So, if you struggle with administering a gimmie, here are some helpful guidelines:

Daylight Savings Time
The foursome waiting in the fairway has been watching your group blast from one greenside bunker to another, chunk chips, plumb bob, and debate who putts next. This is more frustrating than waiting for a senior citizen to back out of a parking space at Walmart or watching Joe Biden trying to complete a sentence. Just grab your balls and get off the green. All putts are good.
Code Blue
Your playing partner is on life support. He has landed in every bunker, splashed in every pond, and bounced off more trees than a squirrel on crack. You cannot bear to see him take another stroke. It is your civic duty to stop the bleeding and administer the Kevorkian gimmie. No range limitations in this case. If his ball is closer to the hole than to Akron Ohio, it’s good. Knock it away before he tries to hit it again.
Nothing at Stake
Pros putt out because they are playing for big money, coveted trophies, and trophy wives. For the average golfer, missing or making a short putt is more meaningless than a cup of decaf coffee or a political campaign promise. Give him the putt. There is no good reason not to.
Reward
The guy has stroked a winding 125 foot putt from just off the green to within three feet of the hole. Reward him. Let him pick it up. He earned it. It is better than watching him lip out, melt down, and try to disembowel himself with his putter. 
Human Kindness
Your buddy helps you tune up your car, mows your lawn when you are on vacation, and laughs at all your dumbass jokes. You owe him that testy three footer as a gesture of friendship. It is golf’s version of sending a fruit basket. 
No Mercy
If you are embroiled in a highly competitive match and your opponent has been talking smack, there is no such thing as a gimmie. Make him putt every putt. It’s Cobra Kai time, it’s time to sweep the knee.
Retribution
If the player is an obnoxious blowhard, an arrogant know-it-all, a despicable cheat, or a relative of Governor Cuomo, there are no gimmies. The circle of friendship only extends to the rim of the cup.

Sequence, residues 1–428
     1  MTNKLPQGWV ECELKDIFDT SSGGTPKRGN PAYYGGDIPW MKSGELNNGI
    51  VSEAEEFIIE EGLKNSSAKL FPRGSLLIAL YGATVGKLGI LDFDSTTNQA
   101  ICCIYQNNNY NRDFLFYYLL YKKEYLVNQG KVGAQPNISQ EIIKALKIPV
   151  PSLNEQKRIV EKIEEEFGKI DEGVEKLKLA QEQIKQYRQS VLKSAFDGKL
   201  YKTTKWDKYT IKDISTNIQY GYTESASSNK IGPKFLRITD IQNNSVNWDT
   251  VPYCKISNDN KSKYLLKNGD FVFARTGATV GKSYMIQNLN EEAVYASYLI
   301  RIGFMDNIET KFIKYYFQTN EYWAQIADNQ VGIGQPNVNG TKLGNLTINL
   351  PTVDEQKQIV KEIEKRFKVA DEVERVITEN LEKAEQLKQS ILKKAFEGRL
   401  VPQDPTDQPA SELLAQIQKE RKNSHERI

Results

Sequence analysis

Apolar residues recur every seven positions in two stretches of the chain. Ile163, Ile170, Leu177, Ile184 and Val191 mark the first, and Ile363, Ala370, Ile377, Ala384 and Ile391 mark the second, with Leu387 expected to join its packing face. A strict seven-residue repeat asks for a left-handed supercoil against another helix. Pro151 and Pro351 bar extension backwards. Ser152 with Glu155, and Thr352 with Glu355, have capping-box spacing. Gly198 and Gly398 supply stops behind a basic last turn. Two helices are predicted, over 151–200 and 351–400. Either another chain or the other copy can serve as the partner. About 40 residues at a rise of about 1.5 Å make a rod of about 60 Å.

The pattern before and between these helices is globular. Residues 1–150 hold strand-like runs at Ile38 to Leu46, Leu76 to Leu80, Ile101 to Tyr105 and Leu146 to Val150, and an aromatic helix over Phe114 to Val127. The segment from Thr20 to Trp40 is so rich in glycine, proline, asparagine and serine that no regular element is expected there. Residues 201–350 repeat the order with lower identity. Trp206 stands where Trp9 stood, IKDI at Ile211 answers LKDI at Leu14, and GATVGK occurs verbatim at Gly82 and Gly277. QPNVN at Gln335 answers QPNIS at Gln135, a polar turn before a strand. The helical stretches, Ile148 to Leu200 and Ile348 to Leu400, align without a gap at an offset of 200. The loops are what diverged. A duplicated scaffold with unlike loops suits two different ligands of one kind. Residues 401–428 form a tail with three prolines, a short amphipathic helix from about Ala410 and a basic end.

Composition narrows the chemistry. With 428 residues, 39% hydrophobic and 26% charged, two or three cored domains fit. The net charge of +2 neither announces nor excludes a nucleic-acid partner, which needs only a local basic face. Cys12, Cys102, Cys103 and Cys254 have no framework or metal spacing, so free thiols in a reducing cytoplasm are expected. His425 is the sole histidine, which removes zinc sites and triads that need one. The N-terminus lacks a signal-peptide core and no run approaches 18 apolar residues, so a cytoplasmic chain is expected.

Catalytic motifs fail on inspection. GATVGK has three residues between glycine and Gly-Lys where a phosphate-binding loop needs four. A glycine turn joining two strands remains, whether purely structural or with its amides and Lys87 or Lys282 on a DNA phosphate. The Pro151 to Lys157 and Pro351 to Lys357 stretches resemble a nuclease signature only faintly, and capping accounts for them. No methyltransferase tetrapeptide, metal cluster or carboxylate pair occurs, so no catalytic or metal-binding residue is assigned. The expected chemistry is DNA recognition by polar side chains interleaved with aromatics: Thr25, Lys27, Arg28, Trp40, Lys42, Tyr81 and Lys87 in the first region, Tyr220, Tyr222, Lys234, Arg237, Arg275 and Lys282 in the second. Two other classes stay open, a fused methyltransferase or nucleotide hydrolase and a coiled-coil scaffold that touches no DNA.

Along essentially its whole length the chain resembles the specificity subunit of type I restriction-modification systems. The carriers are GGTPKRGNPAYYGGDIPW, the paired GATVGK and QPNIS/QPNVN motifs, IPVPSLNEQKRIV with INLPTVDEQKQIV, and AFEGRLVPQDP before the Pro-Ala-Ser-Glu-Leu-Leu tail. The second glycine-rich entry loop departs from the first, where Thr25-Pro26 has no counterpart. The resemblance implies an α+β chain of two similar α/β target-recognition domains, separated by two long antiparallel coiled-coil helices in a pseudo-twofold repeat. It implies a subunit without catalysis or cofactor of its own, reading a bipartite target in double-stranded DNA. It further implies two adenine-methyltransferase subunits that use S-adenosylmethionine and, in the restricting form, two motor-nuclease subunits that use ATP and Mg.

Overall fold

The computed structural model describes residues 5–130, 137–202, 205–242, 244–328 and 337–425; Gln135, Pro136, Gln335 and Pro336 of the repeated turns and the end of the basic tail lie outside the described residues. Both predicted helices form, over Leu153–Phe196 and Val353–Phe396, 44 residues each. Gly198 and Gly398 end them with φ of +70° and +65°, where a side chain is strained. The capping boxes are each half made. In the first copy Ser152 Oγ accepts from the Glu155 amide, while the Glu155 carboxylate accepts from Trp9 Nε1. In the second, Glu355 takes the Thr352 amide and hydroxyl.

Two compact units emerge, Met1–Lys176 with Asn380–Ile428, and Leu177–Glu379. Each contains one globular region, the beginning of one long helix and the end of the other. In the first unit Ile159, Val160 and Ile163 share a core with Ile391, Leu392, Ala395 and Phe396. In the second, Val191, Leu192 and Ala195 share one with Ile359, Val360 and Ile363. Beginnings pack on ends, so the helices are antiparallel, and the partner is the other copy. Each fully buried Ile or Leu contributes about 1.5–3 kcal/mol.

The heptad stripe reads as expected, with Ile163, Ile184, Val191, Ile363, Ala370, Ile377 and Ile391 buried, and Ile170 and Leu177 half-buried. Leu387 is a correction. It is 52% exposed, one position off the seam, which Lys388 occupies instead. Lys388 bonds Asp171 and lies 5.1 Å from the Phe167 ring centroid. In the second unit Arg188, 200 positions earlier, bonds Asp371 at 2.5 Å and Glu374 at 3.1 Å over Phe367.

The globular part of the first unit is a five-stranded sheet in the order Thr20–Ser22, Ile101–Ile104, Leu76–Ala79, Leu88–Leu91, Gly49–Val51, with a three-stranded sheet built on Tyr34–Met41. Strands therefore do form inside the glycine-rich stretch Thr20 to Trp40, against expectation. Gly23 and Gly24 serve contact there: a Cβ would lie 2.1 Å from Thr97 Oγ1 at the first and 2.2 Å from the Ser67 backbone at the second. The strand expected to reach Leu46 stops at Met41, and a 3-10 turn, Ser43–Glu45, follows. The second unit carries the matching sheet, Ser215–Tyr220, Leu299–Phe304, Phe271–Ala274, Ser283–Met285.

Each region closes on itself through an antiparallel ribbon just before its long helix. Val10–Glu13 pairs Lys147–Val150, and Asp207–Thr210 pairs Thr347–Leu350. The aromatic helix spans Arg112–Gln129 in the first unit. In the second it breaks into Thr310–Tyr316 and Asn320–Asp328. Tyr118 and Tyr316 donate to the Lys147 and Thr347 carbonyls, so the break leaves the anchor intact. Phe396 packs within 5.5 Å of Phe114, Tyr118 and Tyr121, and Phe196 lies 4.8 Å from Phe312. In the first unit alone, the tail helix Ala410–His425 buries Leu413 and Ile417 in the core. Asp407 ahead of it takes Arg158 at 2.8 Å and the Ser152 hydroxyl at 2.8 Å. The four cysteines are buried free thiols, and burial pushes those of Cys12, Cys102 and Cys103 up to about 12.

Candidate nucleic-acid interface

Gimmies have been prevalent throughout history and occur every day of our lives. The Ruler of Greece once told famed sculptor, Calamitous, that his Venus di Milo statue was so beautiful there was no need to finish the arms. True. A gimmie is when a traffic cop pulls you over and only gives you a warning or when the grocery store clerk honors your expired coupon without price checking your Adult Depends over the store microphone. 
However, let the record show that not all gimmies are desirable. Last night, in the middle of a rare but passionate love making session, just as I was about to enter the launch cycle, just as I was pondering the proverbial question, just as I was about to ecstatically self-proclaim “you da man”, my wife stopped me and said, “That’s good, dear, pick it up.”
So, remember, if someone does not graciously accept a gimmie, do not be offended. Understand that sometimes in the game of golf and in life, to derive a full sense of satisfaction, a man needs to hear the rattle of the ball at the bottom of the cup. Sometimes, you just need to putt out.
 

 

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7 minutes ago, Club Rat said:

A friend sent me this article which is quite funny....

That was truly funny. A good post. Pick it up.

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In tournaments/medal play you must allways hole out. 

Due to COVID, in friendly or non-competetive, but hcp-counting, rounds we give putts from 1,5' and in due to fewer hands/less touching in the cups. In matchplay we give a little more slack.  

At all the local clubs around here, due to COVID, the flag allways stays in the hole and the holes are only 2-4 inches deep (with plastic or rubber fillers) as well, making bouncing or flying holeouts almost impossible unfortunately. 

Giving 3-6 feeters makes no sense to me and even the tourpros miss at least a couple of those every weekend. Someone like Jordan Spieth misses:

1 in 15 from 4' 

1 in 5 from 5'

1 in 3 from 6' 

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(edited)